In this article:
- What makes peppermint oil so effective at preventing bloating, flatulence and other digestive problems.
- How to take peppermint oil capsules correctly to avoid side effects.
- The best kind of peppermint oil capsules and where to find them online.
What are Peppermint Oil Capsules and How Do They Treat Digestive Problems?
Peppermint essential oil is derived from dried peppermint leaves and it is a powerful calmative and antispasmodic. In herbal medicine this means it alleviates tension and releases spasms and blockages in your gastrointestinal tract.
Studies have shown peppermint oil is an effective treatment for bloating, abdominal pain due to intestinal gas and excessive flatulence. A recent survey of clinical trials also described peppermint oil as the recommended ‘first choice’ for people suffering from irritable bowel syndrome.
Due to its potency, peppermint oil may work for severe cases of bloating and intestinal pain where herbal teas aren’t strong enough. Unfortunately, some people also experience side effects like acid reflux and stomach discomfort when they take peppermint oil capsules or tablets.
To prevent this, and to increase its effectiveness for digestive problems, it’s recommended to use enteric coated peppermint oil capsules. These capsules have a special coating that protects them from stomach acid and only dissolves once in the small intestine.
This allows more of the peppermint oil to reach the intestines in a concentrated dose. It does, however, mean they need to be taken before a meal rather than after one for best results.
Because of this, peppermint oil capsules are a much better preventative than cure for bloating and intestinal pain. If you take them after a big meal they can take a while to get to work. If you’ve just eaten and have digestive discomfort, then fennel or ginger tea is usually a better option.
They are, however, excellent at preventing excessive flatulence problems. As well as relieving trapped intestinal gases, peppermint oil capsules also improve digestive transit time, have antimicrobial properties to control bad bacteria and help prevent constipation.
For an added bonus, peppermint oil’s strong yet pleasant smell overpowers certain noxious compounds found in the lower intestine, like hydrogen sulphide. So even if you do pass wind, it will usually smell much less offensive if you’ve taken a peppermint oil capsule earlier in the day.
How to Take Peppermint Oil
First of all, never use peppermint essential oil orally from a bottle. It’s too powerful and is likely to irritate the mouth and esophagus.
The best way to take peppermint oil is as a capsule. Regular peppermint oil capsules can have a positive effect on digestion, but they may feel uncomfortable in the stomach for some people. They also increase the chance of acid reflux and GERD symptoms.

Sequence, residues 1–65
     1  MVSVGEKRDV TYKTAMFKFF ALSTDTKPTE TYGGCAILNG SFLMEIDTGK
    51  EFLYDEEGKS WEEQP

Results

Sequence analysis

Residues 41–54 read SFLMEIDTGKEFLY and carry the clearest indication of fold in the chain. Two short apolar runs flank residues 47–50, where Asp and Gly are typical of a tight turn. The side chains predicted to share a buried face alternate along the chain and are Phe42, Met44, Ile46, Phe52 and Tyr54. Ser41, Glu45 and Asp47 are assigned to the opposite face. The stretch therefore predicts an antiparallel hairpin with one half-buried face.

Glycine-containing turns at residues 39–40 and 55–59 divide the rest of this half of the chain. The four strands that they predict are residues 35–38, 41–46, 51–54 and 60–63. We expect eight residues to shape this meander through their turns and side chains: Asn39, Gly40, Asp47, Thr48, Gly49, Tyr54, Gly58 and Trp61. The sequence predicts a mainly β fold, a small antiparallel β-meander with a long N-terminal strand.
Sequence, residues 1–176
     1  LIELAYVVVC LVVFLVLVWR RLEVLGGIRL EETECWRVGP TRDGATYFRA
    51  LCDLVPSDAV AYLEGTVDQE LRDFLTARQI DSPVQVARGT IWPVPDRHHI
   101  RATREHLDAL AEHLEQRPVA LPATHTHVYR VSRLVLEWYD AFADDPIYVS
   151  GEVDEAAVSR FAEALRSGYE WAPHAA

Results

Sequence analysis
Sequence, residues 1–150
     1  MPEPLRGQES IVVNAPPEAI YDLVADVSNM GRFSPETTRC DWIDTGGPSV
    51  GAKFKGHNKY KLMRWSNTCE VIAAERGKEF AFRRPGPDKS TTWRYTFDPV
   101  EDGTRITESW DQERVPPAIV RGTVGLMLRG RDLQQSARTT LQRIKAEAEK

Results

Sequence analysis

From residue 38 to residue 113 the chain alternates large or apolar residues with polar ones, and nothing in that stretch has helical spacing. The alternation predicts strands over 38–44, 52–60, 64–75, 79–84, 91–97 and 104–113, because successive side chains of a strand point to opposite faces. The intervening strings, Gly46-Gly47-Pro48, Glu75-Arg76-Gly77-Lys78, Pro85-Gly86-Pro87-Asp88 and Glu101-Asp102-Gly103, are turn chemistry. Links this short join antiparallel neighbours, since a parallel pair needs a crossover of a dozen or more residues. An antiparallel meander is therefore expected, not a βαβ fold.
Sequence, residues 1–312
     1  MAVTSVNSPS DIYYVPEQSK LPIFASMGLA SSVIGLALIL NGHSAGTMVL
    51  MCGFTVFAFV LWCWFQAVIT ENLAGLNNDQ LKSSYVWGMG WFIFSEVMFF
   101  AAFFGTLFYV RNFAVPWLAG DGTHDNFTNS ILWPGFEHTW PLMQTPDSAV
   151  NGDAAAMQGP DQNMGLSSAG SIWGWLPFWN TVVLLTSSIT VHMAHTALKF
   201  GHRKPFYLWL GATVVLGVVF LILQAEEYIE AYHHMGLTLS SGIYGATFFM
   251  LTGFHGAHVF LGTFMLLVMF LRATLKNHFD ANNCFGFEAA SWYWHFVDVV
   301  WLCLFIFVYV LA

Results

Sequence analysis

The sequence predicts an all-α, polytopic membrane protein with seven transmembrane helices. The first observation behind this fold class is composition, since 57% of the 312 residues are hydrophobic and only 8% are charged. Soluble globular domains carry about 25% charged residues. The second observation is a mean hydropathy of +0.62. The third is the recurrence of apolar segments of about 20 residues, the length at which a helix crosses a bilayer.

Enteric coated peppermint oil capsules, like these highly rated ones, pass directly through your stomach and only dissolve in your upper intestine. You take them on an empty stomach, preferably 30 minutes and at least 15 minutes, before a meal with a big glass of water.
For people who experience regular bloating, or those who would like to prevent flatulence issues, peppermint oil should be taken before each main meal of the day.
If you only experience digestive problems occasionally, like when you eat certain foods, you can take a peppermint oil capsule half an hour before you eat as insurance against abdominal pain and bloating.
Remember to drink a big glass of water with the capsule to help it get past the stomach and into the upper intestine. This is a healthy practice before a meal anyway and a good habit to get into.
The Best Enteric Coated Peppermint Oil
Heather’s Tummy Tamers are widely considered the best enteric coated peppermint oil capsules on the market. They also contain smaller amounts of fennel and ginger oil for synergy and are strong enough to be recommended as a treatment for IBS.
These peppermint oil capsules are an excellent way to prevent excessive flatulence. They also work very well for preventing bloating and intestinal cramps, as long as they are taken well advance of a meal. If herbal teas aren’t enough, it’s well worth trying peppermint oil capsules for digestive problems.
- If you don’t want to use fennel tea or ginger tea, consider keeping some enteric coated peppermint oil capsules on hand for bloating and digestive upsets. While they can relieve symptoms too, they are even better as a preventative taken 30 minutes before a meal.
- Regardless of whether you are taking a peppermint oil capsule, start getting into the habit of having a glass of water before a meal. This improves digestion and you’ll feel less desire to drink during a meal, which may hamper the digestive process.
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